JIS News

A record 43,845 clients have used the services of the Registrar General Department’s (RGD) service in October. Speaking with JIS News, Chief Executive Officer (CEO) of the RGD, Dr. Patricia Holness, said that the agency satisfied these clients in the month of October, and that figure represented a vast increase in the number of applications this year, with an average monthly rate of 26,000 applications.
Between April and October, the Agency satisfied a total of 214,566 applications surpassing the production level for the corresponding period last year by 35,380. With continued implementation of new strategies to maintain this growth, the agency is poised to significantly exceed last year’s output.
According to Deputy CEO and Director of Operations at the RGD, Bryan Aikman, the agency was able to satisfy the more than 40,000 applications as a result of the implementation of a third shift in September.
“Based on the increased intake which we anticipated from the Name the Child Project, we implemented a third shift to handle the additional applications which we would receive outside of our usual intake,” he said.
The ‘Name the Child’ Project was an initiative undertaken in an effort to reduce the number of children, whose names do not appear on the RGD’s birth records. The project targeted some 18,000 children who were born between January 1, 2003 and August 31, 2004.
So far, the RGD has satisfied some 1,000 applications of the 1,014 that were submitted under the Name the Child Project and officially recorded 9,733 names to birth records of children born between January 1, 2003 and August 31, 2004 outside of the Project.
The third shift, which operated from 9:00 p.m. to 5:00 a.m. daily, included the Print Room, Record Updating, and Production Departments as well as the agency’s call centre. This resulted in a 23-hour workday for the staff.
Supervisor of the Record Updating Unit, Audrey Roper Elliott, explained that with the additional shift, the RGD also took the opportunity to revisit outstanding applications. “We were able to go as far back as the late 90’s and got in touch with persons who had outstanding information on their applications.they came in and we were able to satisfy some of the cases that were lagging,” she informed.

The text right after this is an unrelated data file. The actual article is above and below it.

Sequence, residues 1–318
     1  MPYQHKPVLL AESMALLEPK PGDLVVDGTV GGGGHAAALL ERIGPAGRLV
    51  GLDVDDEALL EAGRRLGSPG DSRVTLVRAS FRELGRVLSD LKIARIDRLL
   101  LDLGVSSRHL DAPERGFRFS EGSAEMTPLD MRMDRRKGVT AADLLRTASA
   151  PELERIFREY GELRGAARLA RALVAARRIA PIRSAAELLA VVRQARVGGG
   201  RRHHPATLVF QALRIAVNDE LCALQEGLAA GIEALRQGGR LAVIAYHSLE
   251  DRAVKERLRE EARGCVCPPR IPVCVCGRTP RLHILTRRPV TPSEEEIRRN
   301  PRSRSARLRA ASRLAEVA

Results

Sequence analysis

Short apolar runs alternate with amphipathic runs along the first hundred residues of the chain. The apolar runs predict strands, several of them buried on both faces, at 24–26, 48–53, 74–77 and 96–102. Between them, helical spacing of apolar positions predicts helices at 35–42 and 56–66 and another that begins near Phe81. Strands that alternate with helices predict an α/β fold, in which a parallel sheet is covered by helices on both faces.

The applications, Mrs. Elliot said, included birth, death, and marriage certificates as well as addition of father’s particulars, late entry of name, late registration, re-registration and correction of errors.
“Not only were we able to produce the certificates but our 12 couriers delivered 96 per cent of these satisfied applications to customers across Jamaica,” Dr. Holness explained.
The Agency is also reporting a significant reduction in the amount of money it had to refund to customers for the month. In October, the total amount refunded by the RGD was $186,900 compared with $260,900 in September. “Our total refund has decreased by between 50 and 60 per cent,” Dr. Holness told JIS News.
She also informed that the RGD’s Application Tracking System showed that the agency’s 134 customer service representatives completed 20,550 of the 23,572 applications that they had received for the month of October.
Clarifying the difference in the figures, Dr. Holness said that there was a possibility that the agency could have close to a 100 per cent satisfaction rate for October but the figures would not necessarily reflect this as some applications would be carried over into the following month based on the date of application.
For example, if a client applied on the last day of the month, the certificates would not be due until the following month – some four to six weeks later.
“There are some customers that would not be satisfied (within the month) because they had opted for a product which has a time-line of four to six weeks,” Dr. Holness said.
One of the RGD’s main concerns, Dr. Holness pointed out, was that of persons making applications that the RGD could satisfy. “On average we have at least 200 such customers each month. These include applications for persons who were not born in Jamaica or for individuals who were not married in Jamaica,” she highlighted, adding that the agency received numerous requests for death certificates for Jamaicans who died overseas as well. “To date, we have received over 1,700 applications which we cannot satisfy. These cases we have had to close,” she said.
The RGD is responsible for capturing all vital events – births, deaths, marriages and stillbirths – occurring in Jamaica for the purposes of providing timely statistics and analysis to support planning by the Government.